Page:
The buyer and the exporter are referred to as the applicant and the beneficiary respectively. A foreign bank usually issues a letter of credit, which a local bank confirms. In other words, the local bank promises to pay the issuing bank. A letter of credit may not be open to changes (irrevocable) unless there is an agreement between the exporter and the buyer or revocable. However, the latter is usually inadvisable.b. Draft: A draft, also referred to as a bill of exchange, refers to dealing in which the seller (exporter) delegates the collection and receipt of a sales payment to the remitting bank. The remitting bank then sends documents to the importer’s bank, including payment instructions. The exporter receives importer’s payments from the banks involved in the transaction process. Drafts require importers to make face payments either at sight or at the mentioned date. The draft contains instructions indicating required documents for the transfer of goods ownership.a. Greenfield: This refers to a market entry strategy where the parent company establishes a new wholly-owned branch subsidiary (builds its facilities from scratch) in a foreign country, for example, Nissan’s Mississippi Canton plant in the automobile industry. The advantages of using this strategy include economies of scale and scope, greater control over the foreign business, effective implementation of long-term strategy, solid market commitment, control over brand, control over staff, and proactive response to threats and opportunities. The risks involve high costs, difficulty in overcoming competition, long duration of entry success, and possible costly market entry barriers.b. Acquisition: This refers to a company’s growth strategy whereby, a company wishing to expand internationally decides to purchase an already existing firm in a foreign market rather than establish its own new wholly owned enterprise.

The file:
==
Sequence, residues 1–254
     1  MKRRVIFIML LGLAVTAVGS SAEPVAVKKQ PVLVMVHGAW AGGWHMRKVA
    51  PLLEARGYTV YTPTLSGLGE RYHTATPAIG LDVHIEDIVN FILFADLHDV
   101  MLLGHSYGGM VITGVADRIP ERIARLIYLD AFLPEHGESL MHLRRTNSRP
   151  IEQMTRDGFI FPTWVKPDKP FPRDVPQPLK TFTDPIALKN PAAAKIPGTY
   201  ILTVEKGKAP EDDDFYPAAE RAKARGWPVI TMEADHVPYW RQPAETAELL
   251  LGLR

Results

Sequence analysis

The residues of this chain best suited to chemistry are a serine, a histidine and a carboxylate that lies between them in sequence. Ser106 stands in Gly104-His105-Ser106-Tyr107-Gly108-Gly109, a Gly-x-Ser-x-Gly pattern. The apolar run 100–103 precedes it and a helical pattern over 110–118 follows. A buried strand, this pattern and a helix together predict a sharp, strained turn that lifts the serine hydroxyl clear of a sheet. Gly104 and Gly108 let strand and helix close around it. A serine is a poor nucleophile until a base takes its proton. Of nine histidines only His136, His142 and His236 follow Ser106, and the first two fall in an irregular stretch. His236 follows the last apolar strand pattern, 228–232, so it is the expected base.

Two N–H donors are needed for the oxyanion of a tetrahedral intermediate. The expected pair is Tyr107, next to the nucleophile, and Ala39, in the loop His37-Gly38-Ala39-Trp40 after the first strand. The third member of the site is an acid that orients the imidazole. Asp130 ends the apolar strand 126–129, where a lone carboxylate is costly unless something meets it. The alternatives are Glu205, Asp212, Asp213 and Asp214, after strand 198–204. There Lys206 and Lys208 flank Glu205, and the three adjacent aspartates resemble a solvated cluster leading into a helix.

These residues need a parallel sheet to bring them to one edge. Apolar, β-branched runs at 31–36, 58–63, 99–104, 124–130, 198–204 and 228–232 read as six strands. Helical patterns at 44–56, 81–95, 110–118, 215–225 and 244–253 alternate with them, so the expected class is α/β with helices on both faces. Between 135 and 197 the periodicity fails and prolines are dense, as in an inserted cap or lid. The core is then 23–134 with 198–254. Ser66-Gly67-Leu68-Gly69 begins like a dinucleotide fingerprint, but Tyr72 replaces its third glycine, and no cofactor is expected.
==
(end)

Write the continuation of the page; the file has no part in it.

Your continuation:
Final Exam in International Business